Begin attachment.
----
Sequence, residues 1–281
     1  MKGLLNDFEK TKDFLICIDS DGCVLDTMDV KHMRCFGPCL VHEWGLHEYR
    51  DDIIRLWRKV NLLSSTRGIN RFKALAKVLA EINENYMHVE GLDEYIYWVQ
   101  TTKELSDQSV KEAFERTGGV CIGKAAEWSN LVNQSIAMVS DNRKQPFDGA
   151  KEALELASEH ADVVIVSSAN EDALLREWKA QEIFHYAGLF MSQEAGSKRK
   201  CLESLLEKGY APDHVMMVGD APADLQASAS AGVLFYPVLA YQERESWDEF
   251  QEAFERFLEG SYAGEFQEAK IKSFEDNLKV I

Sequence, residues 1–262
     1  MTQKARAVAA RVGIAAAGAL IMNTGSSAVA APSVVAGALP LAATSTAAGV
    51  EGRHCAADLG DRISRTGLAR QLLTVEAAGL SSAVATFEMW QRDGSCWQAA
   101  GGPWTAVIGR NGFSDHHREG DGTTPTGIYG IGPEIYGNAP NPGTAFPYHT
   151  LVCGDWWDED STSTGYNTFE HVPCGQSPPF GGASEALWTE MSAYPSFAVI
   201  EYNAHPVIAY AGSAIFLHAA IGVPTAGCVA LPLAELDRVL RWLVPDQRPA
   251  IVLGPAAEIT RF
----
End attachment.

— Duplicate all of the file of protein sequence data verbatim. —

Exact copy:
Sequence, residues 1–281
     1  MKGLLNDFEK TKDFLICIDS DGCVLDTMDV KHMRCFGPCL VHEWGLHEYR
    51  DDIIRLWRKV NLLSSTRGIN RFKALAKVLA EINENYMHVE GLDEYIYWVQ
   101  TTKELSDQSV KEAFERTGGV CIGKAAEWSN LVNQSIAMVS DNRKQPFDGA
   151  KEALELASEH ADVVIVSSAN EDALLREWKA QEIFHYAGLF MSQEAGSKRK
   201  CLESLLEKGY APDHVMMVGD APADLQASAS AGVLFYPVLA YQERESWDEF
   251  QEAFERFLEG SYAGEFQEAK IKSFEDNLKV I

Sequence, residues 1–262
     1  MTQKARAVAA RVGIAAAGAL IMNTGSSAVA APSVVAGALP LAATSTAAGV
    51  EGRHCAADLG DRISRTGLAR QLLTVEAAGL SSAVATFEMW QRDGSCWQAA
   101  GGPWTAVIGR NGFSDHHREG DGTTPTGIYG IGPEIYGNAP NPGTAFPYHT
   151  LVCGDWWDED STSTGYNTFE HVPCGQSPPF GGASEALWTE MSAYPSFAVI
   201  EYNAHPVIAY AGSAIFLHAA IGVPTAGCVA LPLAELDRVL RWLVPDQRPA
   251  IVLGPAAEIT RF